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How big events can disrupt public transit over an entire city

Study uses new tech to observe real-time impacts on bus service

New technology has allowed scientists to see how a major sporting event can disrupt public transportation in an entire city for hours before and after the event.

Researchers conducted a case study in Columbus on days that The Ohio State University had home football games, attracting more than 100,000 fans to Ohio Stadium on the university’s campus.

Findings showed that bus service across the entire city was significantly less reliable for more than 7 hours on game days compared to other days, meaning that even bus riders who were not traveling near the university could not get to their destinations in times promised by the schedule.

“Most people in Columbus know that you don’t go near Ohio Stadium during on football Saturdays because traffic is going to be a nightmare,” said Harvey Miller, co-author of the study and professor of geography at Ohio State.

“But the remarkable thing to me is that, if you’re a bus rider, you didn’t have to be anywhere near the stadium to be affected by the game.”

Harvey MillerThe study was led by Luyu Liu while he was a PhD student at Ohio State and was published recently in the Journal of Transport Geography.

The researchers examined bus service provided by the Central Ohio Transit Authority (COTA), the city’s public transit system. It serves an area with more than 1.2 million residents and generated 19 million trips in 2019.

The primary data source for the study is General Transit Feed Specification data. It is the source of real-time data on bus service that transit apps use to help commuters plan their trips.

The study compared bus service on the 13 days Ohio State had home football games in 2018 and 2019 with days the Buckeyes had away games and on other days when there were no games.

Liu, who is now a postdoctoral researcher at the University of Florida, said transit disruptions before and after the games were different.

“The disruptions before the game lasted longer, but were not as severe, while after-game impacts have shorter duration but were more disruptive,” Liu said.

That’s probably because people arrive at games over an extended period, but nearly all leave right after the game is over.

Results showed that the unreliability of the bus serve was 8.7% higher than average at the before-game peak, but 24.5% higher at the after-game peak.

The time between the peaks, when the football game had the most impact on transit reliability, was about 7 hours.

But this period between the peaks was just the “core of the disruption,” the researchers said. Transit service was still affected at least somewhat before and after this 7-hour period.

While this study examined the impact of a football game on bus service, the measures developed by the researchers could be used to analyze any kind of disruption to regular traffic flow and extend well beyond just effects on public transit.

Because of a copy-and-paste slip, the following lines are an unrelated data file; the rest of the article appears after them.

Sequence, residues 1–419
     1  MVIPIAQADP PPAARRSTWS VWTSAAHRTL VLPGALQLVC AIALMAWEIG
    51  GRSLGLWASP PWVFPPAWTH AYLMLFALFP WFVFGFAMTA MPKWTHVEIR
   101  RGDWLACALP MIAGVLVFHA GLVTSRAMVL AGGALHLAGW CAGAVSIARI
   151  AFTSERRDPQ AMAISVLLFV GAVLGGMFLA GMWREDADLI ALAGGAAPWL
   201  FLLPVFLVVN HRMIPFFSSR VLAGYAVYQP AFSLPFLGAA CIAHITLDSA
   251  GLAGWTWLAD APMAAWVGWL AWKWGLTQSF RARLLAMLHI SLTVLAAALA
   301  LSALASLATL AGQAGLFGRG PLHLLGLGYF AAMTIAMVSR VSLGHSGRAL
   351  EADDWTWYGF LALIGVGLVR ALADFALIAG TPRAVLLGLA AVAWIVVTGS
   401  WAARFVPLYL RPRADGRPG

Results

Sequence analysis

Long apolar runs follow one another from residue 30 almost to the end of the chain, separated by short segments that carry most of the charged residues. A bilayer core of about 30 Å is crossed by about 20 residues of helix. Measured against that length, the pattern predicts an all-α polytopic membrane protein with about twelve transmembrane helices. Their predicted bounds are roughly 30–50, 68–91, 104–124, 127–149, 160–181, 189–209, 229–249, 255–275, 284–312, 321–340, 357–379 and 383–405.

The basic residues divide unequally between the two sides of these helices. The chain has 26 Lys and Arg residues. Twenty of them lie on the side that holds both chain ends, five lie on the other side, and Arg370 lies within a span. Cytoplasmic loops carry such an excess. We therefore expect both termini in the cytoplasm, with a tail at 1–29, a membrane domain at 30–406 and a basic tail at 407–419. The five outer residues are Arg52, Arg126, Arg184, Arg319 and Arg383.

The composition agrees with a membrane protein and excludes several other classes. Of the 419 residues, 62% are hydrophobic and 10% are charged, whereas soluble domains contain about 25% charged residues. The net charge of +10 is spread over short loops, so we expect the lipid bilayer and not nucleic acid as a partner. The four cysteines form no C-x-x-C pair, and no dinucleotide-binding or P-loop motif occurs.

The results could apply to crashes on an interstate, a bridge collapse, construction delays, any large event, and a variety of other situations.

Luyu Liu“We found that these disruptions can propagate through the entire transportation system in a city very easily,” said Miller, who is director of Ohio State’s Center for Urban and Regional Analysis.

But with these tools, city transportation planners can prepare in advance.

“We now have the ability to look at what parts of a city’s transportation system are most vulnerable to disruption,” Miller said.

“We could see if a disruption at one particular place would most likely stay localized or whether it will spread out and have a big system-wide impact.”

Public transit is not subject to only short-term disruptions.  The researchers also looked at the impact of the COVID-19 pandemic on longer-term public transit accessibility in Columbus.

The findings showed mixed results. Reliability actually increased soon after lockdowns were instituted in Ohio in March 2020 as overall traffic declined, allowing buses to move more freely.

But that changed in May 2020 when the transit authority made major schedule changes to adapt to plunging ridership and financial difficulties.

The downtown area, which accounts for the most ridership in the system and experienced the fewest service cuts, had less loss of accessibility and reliability, said Liu. Not all areas of the city fared so well.

“Some parts of the city, particularly the northeast area, have still not recovered their service levels from before the pandemic,” he said.

“That’s bad news for people who rely on public transit to get to their jobs, medical appointments and shopping.”

The researchers said they hope these findings lead officials to find ways to build and improve infrastructure for public transit.

“With climate change, pandemics and other disruptions, transit systems are only going to find more challenges to keeping their services reliable and accessible,” Miller said.

“Planning for these disruptions should be a major focus.”

Adam Porr of the Mid-Ohio Regional Planning Commission was also a co-author.

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